Below are questions many people have about the division of marital property in Texas. If you have any additional questions or need more information, please call me today at 682-234-2006 or email me to schedule your free initial consultation.

What is community property?

Texas law defines community property as all of the property that either spouse acquires during the marriage, unless it is separate property.

Separate property is anything one spouse owned prior to marriage, property inherited by only one spouse, property received as a gift by only one spouse, property designated as such in a premarital/post-marital agreement, and recoveries for personal injuries sustained by only one spouse, except for the portion of the award intended to compensate for lost earnings during the marriage.

All property is presumed to be community property, until the party claiming that it is separate property proves it is separate property by a preponderance of the evidence.

How is community property divided at divorce?

When a couple divorces, Texas law requires that their property be divided in a manner that is “just and right.” This means that the division of property must be equitable under the circumstances. There are many circumstances that the court can consider in determining what is “equitable”, including fault in the breakup of the marriage, disparity of earning power between the spouses, each spouse’s health, which spouse has custody of the children, each spouse’s, and the future employability of the spouses.

What kind of agreements can we make in mediation about division of community property?

You and your spouse can decide for yourselves what is community and separate property, how much it is worth, who gets what or what part, and whether any debts or liens the property has (car loans, mortgage) will be paid by the one who gets it, by the other spouse, or by selling the property. Such an agreement allows you to avoid the high cost of litigation, make a “doable” plan, and eliminate the high probability you will not be happy with a judge’s decision.

How is community property divided at divorce if there is no agreement?

So long as your name is on the house mortgage, the car loan, the credit cards, or on any other debt, you are legally responsible to pay even if the judge orders the other spouse to pay all of it. It does not matter to a creditor that a judge gives the property and the debt to the other spouse in the divorce decree or that you made an agreement with your spouse that he or she would pay it. Debt is contractual. If your name is still on the contract for the loan and there is a default, the creditor is coming after you until the debt is paid off by selling the asset or the asset is refinanced into your spouse’s name. I can help you and your spouse find practical ways to address these problems if, for example, you cannot sell or refinance the house before the divorce is finalized.

Agreements about who owns property made before marriage (prenuptial agreements) or postnuptial agreements made afterwards (partition and exchange agreements), can legally change property that would normally have been community to separate property or vice-versa.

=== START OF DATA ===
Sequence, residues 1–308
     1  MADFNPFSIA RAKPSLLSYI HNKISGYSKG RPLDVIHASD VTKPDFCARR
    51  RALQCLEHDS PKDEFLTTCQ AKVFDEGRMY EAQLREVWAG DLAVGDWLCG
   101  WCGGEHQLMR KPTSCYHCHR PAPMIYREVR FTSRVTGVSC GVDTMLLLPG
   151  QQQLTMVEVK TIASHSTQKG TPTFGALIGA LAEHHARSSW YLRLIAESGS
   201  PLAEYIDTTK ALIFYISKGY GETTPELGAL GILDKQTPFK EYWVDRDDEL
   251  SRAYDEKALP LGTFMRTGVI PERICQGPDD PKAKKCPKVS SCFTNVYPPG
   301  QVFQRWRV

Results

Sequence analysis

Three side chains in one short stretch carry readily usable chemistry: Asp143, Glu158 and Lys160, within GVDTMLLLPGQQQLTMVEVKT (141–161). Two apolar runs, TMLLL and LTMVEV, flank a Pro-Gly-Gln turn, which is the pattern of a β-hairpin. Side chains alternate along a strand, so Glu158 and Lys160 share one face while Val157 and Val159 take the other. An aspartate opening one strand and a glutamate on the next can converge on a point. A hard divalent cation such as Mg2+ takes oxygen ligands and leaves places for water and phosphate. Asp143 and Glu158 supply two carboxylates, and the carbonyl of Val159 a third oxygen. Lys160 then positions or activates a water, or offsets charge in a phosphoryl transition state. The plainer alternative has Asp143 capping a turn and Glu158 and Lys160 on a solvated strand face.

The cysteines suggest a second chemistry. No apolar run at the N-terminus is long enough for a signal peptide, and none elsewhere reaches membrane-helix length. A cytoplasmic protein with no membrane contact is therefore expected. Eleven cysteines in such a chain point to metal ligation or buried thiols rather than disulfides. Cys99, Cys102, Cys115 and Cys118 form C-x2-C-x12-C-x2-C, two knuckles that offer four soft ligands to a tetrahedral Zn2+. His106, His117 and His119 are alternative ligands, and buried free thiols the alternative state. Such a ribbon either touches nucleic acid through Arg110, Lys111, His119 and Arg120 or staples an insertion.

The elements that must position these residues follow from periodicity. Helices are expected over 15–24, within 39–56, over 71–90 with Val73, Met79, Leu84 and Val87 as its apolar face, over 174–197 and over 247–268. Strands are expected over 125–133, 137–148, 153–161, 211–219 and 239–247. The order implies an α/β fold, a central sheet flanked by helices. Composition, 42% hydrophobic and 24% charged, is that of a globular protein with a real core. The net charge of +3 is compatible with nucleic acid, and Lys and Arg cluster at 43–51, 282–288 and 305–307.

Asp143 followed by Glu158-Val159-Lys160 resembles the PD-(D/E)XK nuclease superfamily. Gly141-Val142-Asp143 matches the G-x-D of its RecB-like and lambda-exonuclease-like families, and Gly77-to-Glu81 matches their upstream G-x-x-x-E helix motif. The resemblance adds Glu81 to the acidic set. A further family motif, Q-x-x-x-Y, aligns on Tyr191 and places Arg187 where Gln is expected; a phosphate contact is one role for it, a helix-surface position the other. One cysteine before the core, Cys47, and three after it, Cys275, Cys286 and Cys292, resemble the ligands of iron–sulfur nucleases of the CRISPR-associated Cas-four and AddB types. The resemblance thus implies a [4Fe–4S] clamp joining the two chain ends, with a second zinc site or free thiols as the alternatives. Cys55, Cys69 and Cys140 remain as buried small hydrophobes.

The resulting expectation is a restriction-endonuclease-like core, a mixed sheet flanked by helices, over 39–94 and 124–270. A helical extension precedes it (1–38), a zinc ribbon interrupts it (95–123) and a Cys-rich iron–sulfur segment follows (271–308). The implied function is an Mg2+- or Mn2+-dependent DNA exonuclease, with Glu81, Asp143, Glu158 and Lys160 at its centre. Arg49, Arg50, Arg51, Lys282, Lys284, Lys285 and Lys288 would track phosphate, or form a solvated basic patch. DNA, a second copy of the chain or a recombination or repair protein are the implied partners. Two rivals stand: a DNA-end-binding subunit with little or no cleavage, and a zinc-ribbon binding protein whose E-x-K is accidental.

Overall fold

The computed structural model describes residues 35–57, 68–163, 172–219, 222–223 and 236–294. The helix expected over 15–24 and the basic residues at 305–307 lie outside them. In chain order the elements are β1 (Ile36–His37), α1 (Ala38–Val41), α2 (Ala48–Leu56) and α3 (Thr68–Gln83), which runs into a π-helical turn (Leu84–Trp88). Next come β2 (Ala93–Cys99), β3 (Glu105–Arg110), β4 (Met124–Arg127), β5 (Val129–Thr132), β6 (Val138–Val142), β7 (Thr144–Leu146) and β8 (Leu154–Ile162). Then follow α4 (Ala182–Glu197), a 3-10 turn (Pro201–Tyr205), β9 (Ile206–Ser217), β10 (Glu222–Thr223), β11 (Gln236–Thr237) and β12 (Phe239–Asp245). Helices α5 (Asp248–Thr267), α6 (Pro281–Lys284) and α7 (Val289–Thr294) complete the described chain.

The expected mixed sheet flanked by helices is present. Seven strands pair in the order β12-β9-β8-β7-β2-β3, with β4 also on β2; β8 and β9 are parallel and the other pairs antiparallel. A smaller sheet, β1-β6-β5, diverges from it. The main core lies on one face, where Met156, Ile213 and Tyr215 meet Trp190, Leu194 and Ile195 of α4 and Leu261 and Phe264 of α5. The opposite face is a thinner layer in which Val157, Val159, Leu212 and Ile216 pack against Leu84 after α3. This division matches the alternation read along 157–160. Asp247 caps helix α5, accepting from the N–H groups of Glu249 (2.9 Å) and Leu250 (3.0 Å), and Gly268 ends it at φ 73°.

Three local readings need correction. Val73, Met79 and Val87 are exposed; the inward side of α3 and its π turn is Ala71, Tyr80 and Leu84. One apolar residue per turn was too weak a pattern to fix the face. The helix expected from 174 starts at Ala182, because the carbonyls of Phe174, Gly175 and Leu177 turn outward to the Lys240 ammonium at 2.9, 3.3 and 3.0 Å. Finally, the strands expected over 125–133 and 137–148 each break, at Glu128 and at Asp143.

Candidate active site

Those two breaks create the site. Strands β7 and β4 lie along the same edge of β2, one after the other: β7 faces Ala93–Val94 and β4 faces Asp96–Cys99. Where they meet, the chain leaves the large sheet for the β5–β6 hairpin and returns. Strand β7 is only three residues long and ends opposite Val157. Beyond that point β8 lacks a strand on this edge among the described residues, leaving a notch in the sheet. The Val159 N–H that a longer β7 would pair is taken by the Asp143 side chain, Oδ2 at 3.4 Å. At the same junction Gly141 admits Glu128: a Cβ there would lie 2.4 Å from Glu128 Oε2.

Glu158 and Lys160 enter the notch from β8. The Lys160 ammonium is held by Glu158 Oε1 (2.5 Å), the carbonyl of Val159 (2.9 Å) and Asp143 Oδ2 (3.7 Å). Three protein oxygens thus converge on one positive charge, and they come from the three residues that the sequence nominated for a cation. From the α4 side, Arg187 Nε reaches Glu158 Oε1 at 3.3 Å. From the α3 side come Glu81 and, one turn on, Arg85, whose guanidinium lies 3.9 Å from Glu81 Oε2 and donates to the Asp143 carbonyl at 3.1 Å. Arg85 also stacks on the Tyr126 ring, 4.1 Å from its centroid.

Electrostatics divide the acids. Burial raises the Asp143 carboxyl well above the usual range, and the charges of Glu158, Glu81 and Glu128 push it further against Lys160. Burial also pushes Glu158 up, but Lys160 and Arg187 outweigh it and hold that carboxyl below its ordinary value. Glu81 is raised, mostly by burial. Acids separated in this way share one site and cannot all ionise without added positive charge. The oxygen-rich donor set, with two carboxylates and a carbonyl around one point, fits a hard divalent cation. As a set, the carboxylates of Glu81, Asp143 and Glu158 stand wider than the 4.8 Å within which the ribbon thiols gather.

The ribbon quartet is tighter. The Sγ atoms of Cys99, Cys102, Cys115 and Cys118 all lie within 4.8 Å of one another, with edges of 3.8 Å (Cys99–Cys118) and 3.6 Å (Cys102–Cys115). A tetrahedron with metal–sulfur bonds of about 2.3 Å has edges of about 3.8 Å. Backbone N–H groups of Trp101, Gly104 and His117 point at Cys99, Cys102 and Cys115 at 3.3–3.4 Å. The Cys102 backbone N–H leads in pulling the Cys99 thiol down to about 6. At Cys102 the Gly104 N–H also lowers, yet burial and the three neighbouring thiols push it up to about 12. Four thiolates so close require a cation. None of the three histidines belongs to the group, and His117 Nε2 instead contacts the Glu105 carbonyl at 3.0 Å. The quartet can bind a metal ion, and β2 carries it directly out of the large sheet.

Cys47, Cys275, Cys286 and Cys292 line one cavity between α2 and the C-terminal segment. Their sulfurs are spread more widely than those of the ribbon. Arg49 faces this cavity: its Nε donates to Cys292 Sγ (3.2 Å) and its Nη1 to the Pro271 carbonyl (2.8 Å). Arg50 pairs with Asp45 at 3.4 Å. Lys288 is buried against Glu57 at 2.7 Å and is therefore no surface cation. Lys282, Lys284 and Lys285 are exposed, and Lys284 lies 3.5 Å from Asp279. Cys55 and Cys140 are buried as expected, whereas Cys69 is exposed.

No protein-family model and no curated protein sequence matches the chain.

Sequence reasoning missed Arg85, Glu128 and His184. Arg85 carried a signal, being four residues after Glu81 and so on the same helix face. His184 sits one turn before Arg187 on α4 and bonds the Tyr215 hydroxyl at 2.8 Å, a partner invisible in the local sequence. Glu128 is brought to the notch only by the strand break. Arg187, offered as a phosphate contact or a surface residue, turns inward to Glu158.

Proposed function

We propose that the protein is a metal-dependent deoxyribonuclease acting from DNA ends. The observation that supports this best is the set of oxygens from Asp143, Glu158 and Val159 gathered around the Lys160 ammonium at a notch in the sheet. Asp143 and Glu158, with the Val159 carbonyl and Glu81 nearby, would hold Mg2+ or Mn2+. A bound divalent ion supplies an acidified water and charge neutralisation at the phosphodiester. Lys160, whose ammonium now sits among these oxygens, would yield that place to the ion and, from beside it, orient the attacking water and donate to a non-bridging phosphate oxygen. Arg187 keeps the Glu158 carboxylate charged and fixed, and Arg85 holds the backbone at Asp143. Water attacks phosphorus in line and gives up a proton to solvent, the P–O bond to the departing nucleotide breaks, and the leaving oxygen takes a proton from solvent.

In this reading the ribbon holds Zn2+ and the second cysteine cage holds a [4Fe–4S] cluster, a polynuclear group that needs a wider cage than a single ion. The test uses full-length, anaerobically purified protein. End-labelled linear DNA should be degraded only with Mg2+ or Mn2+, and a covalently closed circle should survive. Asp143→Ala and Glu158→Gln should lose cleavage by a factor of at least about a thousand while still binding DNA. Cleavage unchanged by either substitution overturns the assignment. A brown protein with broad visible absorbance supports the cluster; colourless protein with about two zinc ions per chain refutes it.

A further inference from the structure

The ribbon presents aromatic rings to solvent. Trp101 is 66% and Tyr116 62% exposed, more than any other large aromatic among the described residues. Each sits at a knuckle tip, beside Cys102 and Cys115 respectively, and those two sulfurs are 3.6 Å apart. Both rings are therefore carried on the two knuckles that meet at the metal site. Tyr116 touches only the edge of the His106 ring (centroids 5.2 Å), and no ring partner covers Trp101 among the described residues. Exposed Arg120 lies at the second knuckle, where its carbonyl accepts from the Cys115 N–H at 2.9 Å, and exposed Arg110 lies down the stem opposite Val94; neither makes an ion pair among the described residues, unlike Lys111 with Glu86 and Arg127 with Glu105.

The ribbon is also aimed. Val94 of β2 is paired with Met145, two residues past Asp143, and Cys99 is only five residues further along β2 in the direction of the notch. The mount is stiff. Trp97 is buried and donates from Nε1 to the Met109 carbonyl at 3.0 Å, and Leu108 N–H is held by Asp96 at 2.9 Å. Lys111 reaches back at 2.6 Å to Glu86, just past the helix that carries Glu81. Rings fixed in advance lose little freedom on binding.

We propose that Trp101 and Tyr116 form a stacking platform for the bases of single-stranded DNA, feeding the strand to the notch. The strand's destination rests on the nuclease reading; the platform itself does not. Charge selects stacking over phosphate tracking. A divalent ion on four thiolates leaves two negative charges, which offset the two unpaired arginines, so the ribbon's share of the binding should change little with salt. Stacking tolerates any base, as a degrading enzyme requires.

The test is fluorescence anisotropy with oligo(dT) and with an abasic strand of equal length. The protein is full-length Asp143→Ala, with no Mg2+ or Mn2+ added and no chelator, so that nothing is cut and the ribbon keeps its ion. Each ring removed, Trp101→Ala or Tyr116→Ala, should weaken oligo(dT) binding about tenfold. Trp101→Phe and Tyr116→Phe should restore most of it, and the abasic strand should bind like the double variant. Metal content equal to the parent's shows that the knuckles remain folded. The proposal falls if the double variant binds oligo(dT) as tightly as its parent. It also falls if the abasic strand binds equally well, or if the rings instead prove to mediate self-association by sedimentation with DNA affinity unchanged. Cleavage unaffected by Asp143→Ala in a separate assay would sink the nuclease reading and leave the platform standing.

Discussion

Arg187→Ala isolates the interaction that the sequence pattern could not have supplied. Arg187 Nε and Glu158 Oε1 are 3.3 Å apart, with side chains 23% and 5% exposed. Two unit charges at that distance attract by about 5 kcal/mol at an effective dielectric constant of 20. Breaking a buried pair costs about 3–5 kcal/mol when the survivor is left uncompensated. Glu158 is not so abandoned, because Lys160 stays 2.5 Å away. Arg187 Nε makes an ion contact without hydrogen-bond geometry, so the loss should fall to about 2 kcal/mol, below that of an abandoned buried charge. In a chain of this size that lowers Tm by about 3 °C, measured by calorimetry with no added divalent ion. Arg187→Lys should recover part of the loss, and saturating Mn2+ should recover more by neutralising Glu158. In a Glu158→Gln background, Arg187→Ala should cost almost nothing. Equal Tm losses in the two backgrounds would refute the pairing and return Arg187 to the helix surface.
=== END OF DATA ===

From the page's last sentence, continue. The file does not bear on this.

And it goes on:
Can I get a portion of my spouse’s pension and employment benefits?

If a married person accumulates an interest in a pension, retirement, profit sharing, or other employee benefit plan during the marriage, it is community property and subject to division upon divorce. If a court awards a portion of one spouse’s retirement benefits to the other spouse, the attorneys will prepare a Qualified Domestic Relations Order (QDRO) to be sent to the employer, who will be ordered to distribute benefits to each spouse in accordance with the court’s order.

In the case of a cash account, such as a 401(k), the employer will usually disburse the funds in 30 to 90 days. In the case of benefits to be paid upon retirement, such as a pension plan, the employer will be given a calculation of a percentage to be applied when payments begin, and the employer will be ordered to send the appropriate amounts to the other spouse in accordance with the court’s order.

Like other community property assets, retirement and pension accounts do not have to be divided exactly equally between the spouses. If each spouse has a separate retirement account or pension for his or her own job, for example, the court might simply award each spouse his or her own account, particularly if the amounts in each are relatively similar or the award of other community property makes up the difference.

How do the courts divide a closely held business or professional practice?

Like any other asset, a business or professional practice must be considered in the valuation and division of community property. If a business or practice has been developed during the marriage, there is a community property interest in that business that must be dealt with in the divorce.

Certified public accountant and business appraisers are often hired to determine the value of a business or professional practice. The accountant or appraiser will review the books and records of the business or practice and prepare a written report.

The most difficult and time-consuming aspect of determining the value of a business or professional practice is in valuing “goodwill.” This is the intangible value that most businesses have based on their established name or reputation. Even a business or practice that could not be sold on the open market has a goodwill value, which must be ascertained when the couple divorces.